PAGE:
Bulgars, and Slavs, some of them directed by the monks Cyril and Methodius,
whose invention of Slavonic alphabets (still called Cyrillic) made possible
the translation of the Bible and the spread of literacy along with Christianity
in Slavic lands.
Although the empire had lost much territory
to the Arabs and to the independent kingdoms established in the Balkan
Peninsula, its remnants were strengthened by a number of institutional
reforms. A new administrative unit, the theme, was introduced along with
a system of military land grants and hereditary service that ensured an
adequate supply of soldiers. It also laid the foundation for the emergence
of great landed families who in later centuries would wage dynastic struggles
for the imperial throne. The Byzantine economy was actually strengthened
by the loss of territory, as the shrinking empire allowed greater freedom
to merchants and agricultural labour.
All of these developments led to a golden age
marked by a literary renaissance and brief resurgence of military and naval
power under the Macedonian dynasty, whose founder, a peasant adventurer
named Basil, murdered his way to the throne in 867. The Macedonian emperors
supervised the Hellenization of the Code of Justinian, into which they
wrote the principle of imperial absolutism tempered only by the spiritual
authority of the church. They also reversed for a time the military defeats
of their predecessors and reconquered large areas from the Arabs and Bulgars.
No matter how centralized their administration
or how absolute their power on paper, the emperors were unable to stop
the feudalization of the empire and the concentration of land and wealth
in a few great families. The rivalry between rural and urban aristocracies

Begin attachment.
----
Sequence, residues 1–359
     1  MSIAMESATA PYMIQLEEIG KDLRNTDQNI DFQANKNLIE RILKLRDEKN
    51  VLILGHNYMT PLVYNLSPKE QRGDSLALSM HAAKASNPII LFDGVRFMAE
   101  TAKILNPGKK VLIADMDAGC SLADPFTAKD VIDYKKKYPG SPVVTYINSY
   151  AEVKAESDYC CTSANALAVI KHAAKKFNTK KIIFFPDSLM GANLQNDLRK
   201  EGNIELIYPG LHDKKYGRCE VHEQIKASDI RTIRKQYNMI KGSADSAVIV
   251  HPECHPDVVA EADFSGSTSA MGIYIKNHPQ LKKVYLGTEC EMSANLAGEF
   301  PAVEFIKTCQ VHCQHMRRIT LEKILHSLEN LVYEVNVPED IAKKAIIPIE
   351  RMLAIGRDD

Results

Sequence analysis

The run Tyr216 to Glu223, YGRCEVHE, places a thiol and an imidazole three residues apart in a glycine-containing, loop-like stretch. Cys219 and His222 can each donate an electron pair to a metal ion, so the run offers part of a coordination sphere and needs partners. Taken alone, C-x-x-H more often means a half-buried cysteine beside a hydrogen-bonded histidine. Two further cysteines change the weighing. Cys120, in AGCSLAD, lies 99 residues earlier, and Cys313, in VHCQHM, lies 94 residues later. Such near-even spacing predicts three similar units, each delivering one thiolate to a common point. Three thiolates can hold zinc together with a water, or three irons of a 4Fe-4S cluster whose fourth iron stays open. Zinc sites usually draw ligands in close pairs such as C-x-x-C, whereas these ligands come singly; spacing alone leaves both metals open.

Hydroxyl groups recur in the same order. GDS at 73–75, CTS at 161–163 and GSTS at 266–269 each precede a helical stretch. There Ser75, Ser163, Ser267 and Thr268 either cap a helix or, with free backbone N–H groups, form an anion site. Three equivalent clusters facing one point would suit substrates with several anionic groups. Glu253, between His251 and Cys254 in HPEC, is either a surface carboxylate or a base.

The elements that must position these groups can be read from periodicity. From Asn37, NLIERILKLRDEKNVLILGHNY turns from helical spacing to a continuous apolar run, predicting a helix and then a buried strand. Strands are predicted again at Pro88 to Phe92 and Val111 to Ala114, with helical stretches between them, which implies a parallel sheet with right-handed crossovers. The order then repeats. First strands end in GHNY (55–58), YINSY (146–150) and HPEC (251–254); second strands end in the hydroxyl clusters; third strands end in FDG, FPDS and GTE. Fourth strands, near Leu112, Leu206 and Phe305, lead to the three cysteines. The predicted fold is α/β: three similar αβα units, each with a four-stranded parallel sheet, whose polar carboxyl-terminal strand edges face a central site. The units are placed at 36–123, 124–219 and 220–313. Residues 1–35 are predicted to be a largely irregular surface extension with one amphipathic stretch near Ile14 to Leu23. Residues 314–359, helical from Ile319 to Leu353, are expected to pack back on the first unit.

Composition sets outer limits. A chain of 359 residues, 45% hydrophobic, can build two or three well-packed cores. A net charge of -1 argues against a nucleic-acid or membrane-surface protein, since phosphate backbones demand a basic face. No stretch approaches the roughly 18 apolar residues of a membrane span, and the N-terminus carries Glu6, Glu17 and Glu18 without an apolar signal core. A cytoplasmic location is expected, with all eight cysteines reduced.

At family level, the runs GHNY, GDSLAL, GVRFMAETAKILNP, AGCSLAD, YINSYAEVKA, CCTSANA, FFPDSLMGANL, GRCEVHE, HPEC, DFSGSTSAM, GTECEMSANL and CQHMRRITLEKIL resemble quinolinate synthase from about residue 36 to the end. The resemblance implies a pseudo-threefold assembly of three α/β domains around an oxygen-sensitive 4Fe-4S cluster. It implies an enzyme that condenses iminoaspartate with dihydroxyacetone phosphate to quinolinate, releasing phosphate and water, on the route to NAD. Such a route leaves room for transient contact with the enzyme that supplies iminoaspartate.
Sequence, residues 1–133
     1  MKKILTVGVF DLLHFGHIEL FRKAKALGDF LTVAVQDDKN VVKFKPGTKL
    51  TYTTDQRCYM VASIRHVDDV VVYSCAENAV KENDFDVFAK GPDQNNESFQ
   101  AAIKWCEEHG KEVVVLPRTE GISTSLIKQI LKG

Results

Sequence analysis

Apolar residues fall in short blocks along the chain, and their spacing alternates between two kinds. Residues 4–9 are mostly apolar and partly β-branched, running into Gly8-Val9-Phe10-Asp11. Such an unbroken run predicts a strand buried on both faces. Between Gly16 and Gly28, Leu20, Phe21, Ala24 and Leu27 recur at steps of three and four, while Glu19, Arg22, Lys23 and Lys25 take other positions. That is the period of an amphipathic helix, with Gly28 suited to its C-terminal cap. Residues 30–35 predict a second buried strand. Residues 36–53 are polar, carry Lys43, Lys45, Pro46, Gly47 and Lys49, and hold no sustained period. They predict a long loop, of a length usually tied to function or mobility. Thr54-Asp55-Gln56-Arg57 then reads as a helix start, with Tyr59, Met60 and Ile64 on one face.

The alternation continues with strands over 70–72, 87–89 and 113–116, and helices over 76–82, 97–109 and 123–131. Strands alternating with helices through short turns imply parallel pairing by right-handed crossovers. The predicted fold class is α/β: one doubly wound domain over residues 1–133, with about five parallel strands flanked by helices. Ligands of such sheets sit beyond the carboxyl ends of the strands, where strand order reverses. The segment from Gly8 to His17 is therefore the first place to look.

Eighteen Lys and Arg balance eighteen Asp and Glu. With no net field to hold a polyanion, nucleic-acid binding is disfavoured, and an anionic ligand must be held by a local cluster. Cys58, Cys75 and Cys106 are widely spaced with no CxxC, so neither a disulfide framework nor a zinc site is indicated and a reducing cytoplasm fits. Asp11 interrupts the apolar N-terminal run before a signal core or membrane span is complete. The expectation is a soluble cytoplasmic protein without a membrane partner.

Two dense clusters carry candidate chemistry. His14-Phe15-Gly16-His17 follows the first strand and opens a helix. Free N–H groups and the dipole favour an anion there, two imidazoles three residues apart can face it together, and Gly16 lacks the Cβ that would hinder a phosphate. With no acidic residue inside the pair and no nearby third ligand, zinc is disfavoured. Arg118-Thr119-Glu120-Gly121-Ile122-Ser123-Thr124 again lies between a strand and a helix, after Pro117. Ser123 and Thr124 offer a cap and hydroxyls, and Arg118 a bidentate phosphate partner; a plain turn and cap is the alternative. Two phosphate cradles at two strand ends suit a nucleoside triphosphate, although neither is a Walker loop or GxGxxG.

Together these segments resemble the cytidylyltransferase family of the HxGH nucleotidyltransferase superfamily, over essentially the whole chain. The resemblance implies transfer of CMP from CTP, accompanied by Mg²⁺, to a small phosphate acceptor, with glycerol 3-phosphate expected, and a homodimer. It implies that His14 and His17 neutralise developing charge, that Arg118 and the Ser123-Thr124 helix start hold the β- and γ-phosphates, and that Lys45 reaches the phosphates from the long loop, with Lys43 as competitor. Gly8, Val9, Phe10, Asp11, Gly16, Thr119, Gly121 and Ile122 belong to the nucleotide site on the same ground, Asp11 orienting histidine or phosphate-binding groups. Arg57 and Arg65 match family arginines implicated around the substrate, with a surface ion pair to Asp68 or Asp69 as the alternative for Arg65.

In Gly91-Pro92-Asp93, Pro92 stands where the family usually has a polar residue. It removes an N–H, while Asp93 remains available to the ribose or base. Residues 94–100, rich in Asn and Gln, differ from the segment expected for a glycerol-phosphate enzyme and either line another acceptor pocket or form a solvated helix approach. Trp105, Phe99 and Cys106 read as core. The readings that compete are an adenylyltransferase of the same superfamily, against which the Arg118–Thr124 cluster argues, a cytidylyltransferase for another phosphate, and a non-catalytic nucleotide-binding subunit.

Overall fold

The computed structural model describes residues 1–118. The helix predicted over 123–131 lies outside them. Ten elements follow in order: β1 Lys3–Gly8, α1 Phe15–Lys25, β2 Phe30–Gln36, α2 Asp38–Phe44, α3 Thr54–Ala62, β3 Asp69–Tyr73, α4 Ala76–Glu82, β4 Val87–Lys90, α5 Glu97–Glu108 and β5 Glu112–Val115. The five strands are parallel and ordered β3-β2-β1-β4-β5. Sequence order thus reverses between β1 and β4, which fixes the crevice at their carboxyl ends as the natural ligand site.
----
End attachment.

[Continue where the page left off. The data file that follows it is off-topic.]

led each faction to nominate its own imperial candidates. While they were
engaged in civil disputes, new enemies, the Normans and the Seljuq Turks,
increased their power around the eastern Mediterranean.
In the late 11th century, Emperor Alexius I
reluctantly sought help from the outside. He appealed to Venice, to whom
he gave the first of the commercial concessions that helped make it a great
maritime power, and to the pope, who in turn appealed to the feudal rulers
of the West, many of them, ironically, Normans. These doubtful allies rapidly
turned the ensuing Crusades into a series of plundering expeditions not
only against the Turks but also against the heart of the Byzantine Empire.
The Fourth Crusade resulted in the fall of Constantinople to Venetians
and crusaders in 1204 and the establishment of a line of Latin emperors.
The empire was recaptured by Byzantine exiles in 1261, but under the final
Palaeologus dynasty it was little more than a large city-state besieged
from all sides. In the 14th century the Ottoman Turks replaced the Seljuqs
as the major enemy in the east. Almost the entire Balkan Peninsula fell
to them, but their siege of Constantinople, begun in 1395, was prolonged
by the city's near-impregnable strategic position and by Turkish factionalism.
It ended in 1453, when the last emperor, also named Constantine, died fighting
on the walls and the Turks took the city. The final stronghold of Greek
power, Trapezus (modern Trabzon, Turkey), fell to the Turks in 1461.
The Roman Empire, the ancestor of the Byzantine,
remarkably blended unity and diversity, the former being by far the better
known since its constituents were the predominant features of Roman civilization.
The common Latin language, the coinage, the "international"
army of the Roman legions, the urban network, the law, and the Greco-Roman
heritage of civic culture loomed largest among those bonds that Augustus
and his successors hoped would bring unity and peace to a Mediterranean
world exhausted by centuries of civil war.
To strengthen these sinews of imperial civilization,
the emperors hoped that a lively and spontaneous trade might develop among
the several provinces. At the pinnacle of this world stood the emperor
himself, the man of wisdom who would shelter the state from whatever mishaps
fortune had darkly hidden. The emperor alone could provide this protection
since, as the embodiment of all the virtues, he possessed in perfection
those qualities displayed only imperfectly by his individual subjects.
The Roman formula of combating fortune with reason
and therewith assuring unity throughout the Mediterranean world worked
surprisingly well in view of the pressures for disunity that time was to
multiply. Conquest had brought regions of diverse background under Roman